To date, the most unlikely adult figure to frequent a ball pit was Sheldon Cooper shouting “Bazinga” on “The Big Bang Theory.” Yes, until today, because the feared sniper known as Wali gave the most bizarre proof of life by taking a selfie, apparently in Ukraine, inside a children’s attraction of the guy holding his rifle.
Previously, Wali used his exceptional skills in the service of the Kurdish resistance to the advance of the Islamic State in Iraq, during which he shot down a target 3.5 kilometers from his position. Once again with the “intent to help”, the sniper landed in Ukraine to help defend against Vladimir Putin’s troops.
Married and father of a boy, the soldier does not include Wali in his documents. The Arabic word became the nickname of the shooter, who liked the “protector” or “guardian” meaning of the term. He also served with the Canadian Army in Afghanistan in Kandahar Province. In Ukraine, he joined an “international legion” of foreign volunteers in the fight against advancing Russian troops.
And in the information war between Ukraine and Russia, Wali was reportedly shot in action, but yesterday the sniper whose real name is kept secret to protect his family, gave an interview and took the humorous photo to prove that he is still active and effective against his enemies. According to the soldier, he was hiding on the outskirts of kyiv for security reasons.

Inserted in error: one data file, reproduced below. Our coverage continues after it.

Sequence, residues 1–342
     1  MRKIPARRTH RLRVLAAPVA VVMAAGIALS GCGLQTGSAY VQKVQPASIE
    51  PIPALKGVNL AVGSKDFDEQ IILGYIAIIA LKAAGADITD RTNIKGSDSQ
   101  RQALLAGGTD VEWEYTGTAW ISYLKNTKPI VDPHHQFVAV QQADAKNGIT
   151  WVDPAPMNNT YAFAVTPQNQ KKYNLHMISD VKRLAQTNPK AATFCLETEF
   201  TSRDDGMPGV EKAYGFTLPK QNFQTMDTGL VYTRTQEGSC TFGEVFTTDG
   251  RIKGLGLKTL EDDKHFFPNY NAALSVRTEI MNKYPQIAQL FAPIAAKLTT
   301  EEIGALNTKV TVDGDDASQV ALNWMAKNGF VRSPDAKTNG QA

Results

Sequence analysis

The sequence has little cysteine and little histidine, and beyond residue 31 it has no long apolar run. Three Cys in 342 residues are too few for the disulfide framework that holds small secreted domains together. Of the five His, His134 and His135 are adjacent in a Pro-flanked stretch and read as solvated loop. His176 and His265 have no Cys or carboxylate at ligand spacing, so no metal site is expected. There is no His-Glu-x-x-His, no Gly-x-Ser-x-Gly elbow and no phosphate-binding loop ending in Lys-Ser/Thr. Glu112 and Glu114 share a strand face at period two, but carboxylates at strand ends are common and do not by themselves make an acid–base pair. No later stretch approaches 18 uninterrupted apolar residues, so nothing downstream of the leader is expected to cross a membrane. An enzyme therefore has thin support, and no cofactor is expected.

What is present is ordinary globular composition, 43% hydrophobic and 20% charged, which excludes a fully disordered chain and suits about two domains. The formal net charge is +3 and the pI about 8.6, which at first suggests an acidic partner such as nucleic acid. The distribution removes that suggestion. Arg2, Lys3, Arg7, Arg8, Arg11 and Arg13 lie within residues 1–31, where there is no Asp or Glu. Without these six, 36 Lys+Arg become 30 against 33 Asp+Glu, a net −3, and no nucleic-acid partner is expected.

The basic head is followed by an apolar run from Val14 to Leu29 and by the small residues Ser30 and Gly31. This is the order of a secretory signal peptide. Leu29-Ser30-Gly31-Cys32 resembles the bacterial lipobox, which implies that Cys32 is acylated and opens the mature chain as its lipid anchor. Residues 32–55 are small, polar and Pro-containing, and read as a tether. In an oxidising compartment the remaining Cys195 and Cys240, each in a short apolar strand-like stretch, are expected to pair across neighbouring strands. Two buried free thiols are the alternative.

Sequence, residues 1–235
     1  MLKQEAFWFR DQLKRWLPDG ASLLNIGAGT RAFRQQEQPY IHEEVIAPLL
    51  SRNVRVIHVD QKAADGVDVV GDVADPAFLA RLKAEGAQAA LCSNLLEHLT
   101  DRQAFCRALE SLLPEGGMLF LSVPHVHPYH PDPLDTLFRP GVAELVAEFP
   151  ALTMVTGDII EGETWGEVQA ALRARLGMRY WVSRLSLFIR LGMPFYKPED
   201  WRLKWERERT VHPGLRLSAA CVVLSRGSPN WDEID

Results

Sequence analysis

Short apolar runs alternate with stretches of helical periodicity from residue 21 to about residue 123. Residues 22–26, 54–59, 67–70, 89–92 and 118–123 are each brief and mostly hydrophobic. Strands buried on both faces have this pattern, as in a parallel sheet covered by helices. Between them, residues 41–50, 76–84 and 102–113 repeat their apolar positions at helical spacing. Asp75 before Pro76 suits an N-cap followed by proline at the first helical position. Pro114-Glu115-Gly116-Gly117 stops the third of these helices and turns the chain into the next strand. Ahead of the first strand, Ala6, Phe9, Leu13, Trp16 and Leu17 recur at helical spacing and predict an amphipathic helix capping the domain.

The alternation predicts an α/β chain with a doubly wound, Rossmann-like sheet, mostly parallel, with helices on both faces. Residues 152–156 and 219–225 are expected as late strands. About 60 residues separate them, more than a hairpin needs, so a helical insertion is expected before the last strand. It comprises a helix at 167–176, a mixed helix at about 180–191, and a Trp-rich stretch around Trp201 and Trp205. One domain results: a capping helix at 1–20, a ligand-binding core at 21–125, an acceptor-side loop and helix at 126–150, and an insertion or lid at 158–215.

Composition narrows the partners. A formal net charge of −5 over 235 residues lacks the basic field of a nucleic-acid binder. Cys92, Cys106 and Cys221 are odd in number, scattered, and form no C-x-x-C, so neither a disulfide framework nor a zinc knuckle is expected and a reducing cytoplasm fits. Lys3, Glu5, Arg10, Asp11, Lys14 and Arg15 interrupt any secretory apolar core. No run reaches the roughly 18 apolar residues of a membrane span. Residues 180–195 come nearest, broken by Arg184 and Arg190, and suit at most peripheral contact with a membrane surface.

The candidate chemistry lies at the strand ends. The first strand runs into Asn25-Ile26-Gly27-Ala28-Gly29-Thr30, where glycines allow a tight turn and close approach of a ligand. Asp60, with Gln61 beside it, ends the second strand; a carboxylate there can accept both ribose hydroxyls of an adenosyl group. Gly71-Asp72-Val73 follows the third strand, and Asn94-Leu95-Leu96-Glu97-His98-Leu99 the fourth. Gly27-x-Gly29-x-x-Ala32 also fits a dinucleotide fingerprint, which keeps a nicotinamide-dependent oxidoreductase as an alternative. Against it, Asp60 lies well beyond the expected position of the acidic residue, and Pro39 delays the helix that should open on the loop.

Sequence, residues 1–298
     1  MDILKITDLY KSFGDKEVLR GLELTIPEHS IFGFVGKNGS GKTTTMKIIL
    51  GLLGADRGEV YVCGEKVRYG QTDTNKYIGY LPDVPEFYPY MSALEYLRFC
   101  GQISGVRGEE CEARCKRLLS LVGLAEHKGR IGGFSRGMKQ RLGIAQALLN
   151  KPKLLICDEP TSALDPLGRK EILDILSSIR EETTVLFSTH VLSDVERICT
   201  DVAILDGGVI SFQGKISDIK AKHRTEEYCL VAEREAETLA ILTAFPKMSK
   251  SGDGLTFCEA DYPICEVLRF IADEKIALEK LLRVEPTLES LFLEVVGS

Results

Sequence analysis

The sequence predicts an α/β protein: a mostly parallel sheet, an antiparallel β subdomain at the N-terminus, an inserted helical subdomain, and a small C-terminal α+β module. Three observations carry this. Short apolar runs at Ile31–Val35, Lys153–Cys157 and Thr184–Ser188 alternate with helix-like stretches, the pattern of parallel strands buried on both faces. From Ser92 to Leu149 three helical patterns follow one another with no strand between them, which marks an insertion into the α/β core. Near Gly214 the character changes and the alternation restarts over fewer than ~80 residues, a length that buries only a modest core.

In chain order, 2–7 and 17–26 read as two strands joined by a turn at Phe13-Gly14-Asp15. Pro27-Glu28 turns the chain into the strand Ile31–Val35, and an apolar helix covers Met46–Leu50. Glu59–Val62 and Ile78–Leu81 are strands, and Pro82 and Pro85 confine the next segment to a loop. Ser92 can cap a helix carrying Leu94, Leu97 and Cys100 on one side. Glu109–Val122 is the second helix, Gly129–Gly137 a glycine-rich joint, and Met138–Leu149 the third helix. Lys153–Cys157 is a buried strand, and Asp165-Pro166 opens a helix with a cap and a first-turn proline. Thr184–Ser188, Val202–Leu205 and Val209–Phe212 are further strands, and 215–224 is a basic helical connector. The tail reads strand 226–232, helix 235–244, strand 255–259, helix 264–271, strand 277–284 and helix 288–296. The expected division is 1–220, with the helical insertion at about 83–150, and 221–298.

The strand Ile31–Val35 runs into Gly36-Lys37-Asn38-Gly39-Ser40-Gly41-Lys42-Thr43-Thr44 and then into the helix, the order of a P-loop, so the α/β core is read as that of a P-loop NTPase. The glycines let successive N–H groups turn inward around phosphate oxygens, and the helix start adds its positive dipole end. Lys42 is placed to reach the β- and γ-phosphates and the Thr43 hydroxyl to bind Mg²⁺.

the canadian journalist by Global News, Ashleigh Stewart, managed to find the fellow war hero for an interview. She said he was “alive and resting in the kyiv region before returning to the front”. “I was the last person to hear the news that he was dead. I think it’s just trolling,” he joked. Reports are circulating on the networks about barracks of foreign soldiers bombed after being leaked by soldiers seeking likes on social networks who published photos denouncing their position on the battlefield.
“I find it strange, because after a while the enemy will lose credibility with this propaganda. I don’t understand why they are pushing these lies,” Wali lamented. “It’s pretty obvious because after a few days I go out and tell everyone I’m alive,” he continued. The soldier said he narrowly escaped death in a fight in which he was 50 meters from enemy lines, much closer to the type of confrontation he usually undertakes. “We were lucky. Now I know what it’s like to be attacked by a tank. I’m just a normal soldier. I’m a good soldier, no doubt. But I’m a good one. soldier among other good soldiers. Maybe next time.” [os russos] Saying I’m dead may be true, but no one will believe them,” he concluded.
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